Jean-Paul Sartre, The Transcendence of the Ego, trans. A. Brown, Routledge, 2004.
Edith Stein, The Problem of Empathy, trans. W. Stein, Martinus Nijhoff, 1964.
If you do not wish to purchase the above volumes, note that they are also available through the university library. Aside from Sartre and Stein, all of the weekly required readings for this class are printed within the course reader. Students who decide not to purchase the reader must bring either a printed copy of a PDF or the book in question to class (see Schedule for details). If you decide to go for either of these options, it is important that you use the translations indicated below. Texts on phones or computers in class are, as a rule, not accepted.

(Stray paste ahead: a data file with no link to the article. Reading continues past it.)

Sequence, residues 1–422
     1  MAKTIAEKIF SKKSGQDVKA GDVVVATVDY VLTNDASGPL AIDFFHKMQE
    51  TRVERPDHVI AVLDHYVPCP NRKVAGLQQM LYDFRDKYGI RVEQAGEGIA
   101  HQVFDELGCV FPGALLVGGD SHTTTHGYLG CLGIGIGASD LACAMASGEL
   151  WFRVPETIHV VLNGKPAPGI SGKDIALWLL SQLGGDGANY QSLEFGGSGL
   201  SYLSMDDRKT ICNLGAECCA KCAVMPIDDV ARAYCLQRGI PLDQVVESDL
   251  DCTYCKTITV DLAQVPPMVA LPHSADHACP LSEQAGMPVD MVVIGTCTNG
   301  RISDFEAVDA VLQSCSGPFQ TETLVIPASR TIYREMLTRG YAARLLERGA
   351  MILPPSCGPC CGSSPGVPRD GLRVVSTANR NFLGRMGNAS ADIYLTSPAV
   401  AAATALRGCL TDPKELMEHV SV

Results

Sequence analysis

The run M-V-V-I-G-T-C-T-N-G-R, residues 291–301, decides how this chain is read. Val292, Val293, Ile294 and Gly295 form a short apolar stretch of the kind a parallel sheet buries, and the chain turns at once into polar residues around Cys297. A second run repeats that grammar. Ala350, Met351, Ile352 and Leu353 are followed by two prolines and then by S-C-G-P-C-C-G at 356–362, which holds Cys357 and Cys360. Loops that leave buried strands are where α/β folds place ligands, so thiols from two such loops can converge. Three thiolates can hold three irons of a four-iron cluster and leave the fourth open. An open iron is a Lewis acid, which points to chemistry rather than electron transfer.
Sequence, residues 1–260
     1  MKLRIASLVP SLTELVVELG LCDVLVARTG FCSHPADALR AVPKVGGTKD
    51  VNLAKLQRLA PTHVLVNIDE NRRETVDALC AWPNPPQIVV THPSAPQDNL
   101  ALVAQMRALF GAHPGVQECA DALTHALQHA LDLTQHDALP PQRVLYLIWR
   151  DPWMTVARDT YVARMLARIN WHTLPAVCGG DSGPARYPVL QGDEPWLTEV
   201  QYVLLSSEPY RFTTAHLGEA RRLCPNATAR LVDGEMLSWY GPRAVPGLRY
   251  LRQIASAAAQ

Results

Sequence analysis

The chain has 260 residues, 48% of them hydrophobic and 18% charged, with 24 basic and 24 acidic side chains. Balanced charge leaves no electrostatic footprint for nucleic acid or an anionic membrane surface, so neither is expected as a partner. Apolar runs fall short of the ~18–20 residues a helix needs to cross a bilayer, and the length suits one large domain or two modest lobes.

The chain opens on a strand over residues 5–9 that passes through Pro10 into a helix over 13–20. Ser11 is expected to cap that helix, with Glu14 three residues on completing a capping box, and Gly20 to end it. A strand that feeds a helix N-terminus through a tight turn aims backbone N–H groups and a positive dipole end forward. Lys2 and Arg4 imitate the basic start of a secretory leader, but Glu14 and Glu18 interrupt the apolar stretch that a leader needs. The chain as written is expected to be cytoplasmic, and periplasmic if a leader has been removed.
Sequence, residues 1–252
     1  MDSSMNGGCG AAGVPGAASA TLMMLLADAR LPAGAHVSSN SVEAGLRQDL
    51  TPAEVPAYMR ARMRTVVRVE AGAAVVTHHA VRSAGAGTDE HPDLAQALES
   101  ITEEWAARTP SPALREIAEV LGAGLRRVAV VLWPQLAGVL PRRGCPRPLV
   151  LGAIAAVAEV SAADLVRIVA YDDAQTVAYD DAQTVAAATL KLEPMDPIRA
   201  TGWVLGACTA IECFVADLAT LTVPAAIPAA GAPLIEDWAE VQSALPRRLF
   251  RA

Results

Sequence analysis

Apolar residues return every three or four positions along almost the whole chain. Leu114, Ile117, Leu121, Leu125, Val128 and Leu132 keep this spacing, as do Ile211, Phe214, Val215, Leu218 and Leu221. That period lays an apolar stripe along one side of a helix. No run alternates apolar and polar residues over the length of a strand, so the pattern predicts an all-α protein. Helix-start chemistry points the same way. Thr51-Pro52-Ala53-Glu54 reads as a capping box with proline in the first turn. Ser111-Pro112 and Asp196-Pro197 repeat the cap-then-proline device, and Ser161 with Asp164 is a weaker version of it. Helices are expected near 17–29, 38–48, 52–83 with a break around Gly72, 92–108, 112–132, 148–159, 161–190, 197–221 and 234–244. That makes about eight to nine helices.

The reader contains:
Edmund Husserl, ‘Pure Phenomenology, its Method and its Field of Investigation’, in The Phenomenology Reader, ed. Dermot Moran and Timothy Mooney, Routledge, 2002, pp. 124-133.
Edmund Husserl, Extracts from the First and the Fifth meditation in Cartesian Meditations: An Introduction to Phenomenology, trans. D. Cairns, Springer Science & Business Media, 1973, pp. 25-26, 89-100, 106-113, 116-136, 148-151.
Jean-Paul Sartre, Extracts from ‘Being-for-the-Other’ in Being and Nothingness: An Essay in Phenomenological Ontology, trans. S. Richmond, Routledge, 2018, pp.307-09 and 347-80.
Maurice Merleau-Ponty, Extract from The Phenomenology of Perception, ‘The Body as Object and Mechanistic Physiology’, The Phenomenology Reader, ed. Dermot Moran and Timothy Mooney, Routledge, 2002, pp.427-35.